pages = {457 -- 492},
publisher = {Springer},
title = {{Polynomial time algorithms for energy games with special weight structures}},
doi = {10.1007/s00453-013-9843-7},
volume = {70},
year = {2014},
}
@article{537,
abstract = {Transgenerational effects are broader than only parental relationships. Despite mounting evidence that multigenerational effects alter phenotypic and life-history traits, our understanding of how they combine to determine fitness is not well developed because of the added complexity necessary to study them. Here, we derive a quantitative genetic model of adaptation to an extraordinary new environment by an additive genetic component, phenotypic plasticity, maternal and grandmaternal effects. We show how, at equilibrium, negative maternal and negative grandmaternal effects maximize expected population mean fitness. We define negative transgenerational effects as those that have a negative effect on trait expression in the subsequent generation, that is, they slow, or potentially reverse, the expected evolutionary dynamic. When maternal effects are positive, negative grandmaternal effects are preferred. As expected under Mendelian inheritance, the grandmaternal effects have a lower impact on fitness than the maternal effects, but this dual inheritance model predicts a more complex relationship between maternal and grandmaternal effects to constrain phenotypic variance and so maximize expected population mean fitness in the offspring.},
author = {Prizak, Roshan and Ezard, Thomas and Hoyle, Rebecca},
journal = {Ecology and Evolution},
number = {15},
pages = {3139 -- 3145},
publisher = {Wiley-Blackwell},
title = {{Fitness consequences of maternal and grandmaternal effects}},
doi = {10.1002/ece3.1150},
volume = {4},
year = {2014},
}
@misc{5411,
abstract = {Model-based testing is a promising technology for black-box software and hardware testing, in which test cases are generated automatically from high-level specifications. Nowadays, systems typically consist of multiple interacting components and, due to their complexity, testing presents a considerable portion of the effort and cost in the design process. Exploiting the compositional structure of system specifications can considerably reduce the effort in model-based testing. Moreover, inferring properties about the system from testing its individual components allows the designer to reduce the amount of integration testing.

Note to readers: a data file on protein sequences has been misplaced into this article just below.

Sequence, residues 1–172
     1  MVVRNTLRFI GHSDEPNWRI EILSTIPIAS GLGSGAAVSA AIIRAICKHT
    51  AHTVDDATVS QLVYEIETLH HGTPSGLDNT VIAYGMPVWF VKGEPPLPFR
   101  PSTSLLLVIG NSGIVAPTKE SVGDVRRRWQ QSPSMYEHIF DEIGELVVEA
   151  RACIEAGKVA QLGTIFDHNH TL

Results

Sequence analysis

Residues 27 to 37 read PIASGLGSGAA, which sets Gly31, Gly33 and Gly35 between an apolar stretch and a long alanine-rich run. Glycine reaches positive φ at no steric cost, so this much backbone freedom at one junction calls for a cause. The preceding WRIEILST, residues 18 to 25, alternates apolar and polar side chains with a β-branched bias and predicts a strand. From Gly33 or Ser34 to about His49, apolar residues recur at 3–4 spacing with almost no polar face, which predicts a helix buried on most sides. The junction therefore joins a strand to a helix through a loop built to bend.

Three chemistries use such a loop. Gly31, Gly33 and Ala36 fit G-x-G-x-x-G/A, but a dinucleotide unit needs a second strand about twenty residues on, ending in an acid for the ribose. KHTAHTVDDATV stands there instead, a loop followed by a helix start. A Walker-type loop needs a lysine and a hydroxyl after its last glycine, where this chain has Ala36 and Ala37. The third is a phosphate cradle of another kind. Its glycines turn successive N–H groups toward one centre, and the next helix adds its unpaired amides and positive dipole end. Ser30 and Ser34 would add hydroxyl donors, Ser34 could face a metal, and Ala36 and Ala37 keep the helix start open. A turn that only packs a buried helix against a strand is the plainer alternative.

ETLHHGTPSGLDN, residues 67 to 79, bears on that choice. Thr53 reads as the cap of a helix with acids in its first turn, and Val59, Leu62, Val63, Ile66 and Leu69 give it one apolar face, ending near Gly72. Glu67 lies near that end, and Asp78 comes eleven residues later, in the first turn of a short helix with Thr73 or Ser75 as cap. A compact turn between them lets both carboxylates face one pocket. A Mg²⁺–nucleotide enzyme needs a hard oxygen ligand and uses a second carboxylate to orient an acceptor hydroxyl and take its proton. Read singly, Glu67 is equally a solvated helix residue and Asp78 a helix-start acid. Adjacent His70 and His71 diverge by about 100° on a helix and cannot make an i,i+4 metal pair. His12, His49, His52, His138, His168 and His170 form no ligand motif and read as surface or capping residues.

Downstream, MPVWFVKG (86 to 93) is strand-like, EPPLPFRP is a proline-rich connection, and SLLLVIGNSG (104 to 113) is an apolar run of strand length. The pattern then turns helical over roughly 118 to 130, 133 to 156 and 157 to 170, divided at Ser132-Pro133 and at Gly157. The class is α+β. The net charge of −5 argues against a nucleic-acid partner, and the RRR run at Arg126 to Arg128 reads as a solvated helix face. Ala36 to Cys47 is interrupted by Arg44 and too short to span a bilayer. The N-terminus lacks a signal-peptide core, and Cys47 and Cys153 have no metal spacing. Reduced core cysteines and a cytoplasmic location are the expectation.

In this paper, we study compositional properties of the IOCO-testing theory. We propose a new approach to composition and hiding operations, inspired by contract-based design and interface theories. These operations preserve behaviors that are compatible under composition and hiding, and prune away incompatible ones. The resulting specification characterizes the input sequences for which the unit testing of components is sufficient to infer the correctness of component integration without the need for further tests. We provide a methodology that uses these results to minimize integration testing effort, but also to detect potential weaknesses in specifications. While we focus on asynchronous models and the IOCO conformance relation, the resulting methodology can be applied to a broader class of systems.},
author = {Daca, Przemyslaw and Henzinger, Thomas A and Krenn, Willibald and Nickovic, Dejan},
issn = {2664-1690},
pages = {20},
publisher = {IST Austria},
title = {{Compositional specifications for IOCO testing}},
doi = {10.15479/AT:IST-2014-148-v2-1},
year = {2014},
}
@misc{5412,
abstract = {We consider Markov decision processes (MDPs) which are a standard model for probabilistic systems. We focus on qualitative properties for MDPs that can express that desired behaviors of the system arise almost-surely (with probability 1) or with positive probability.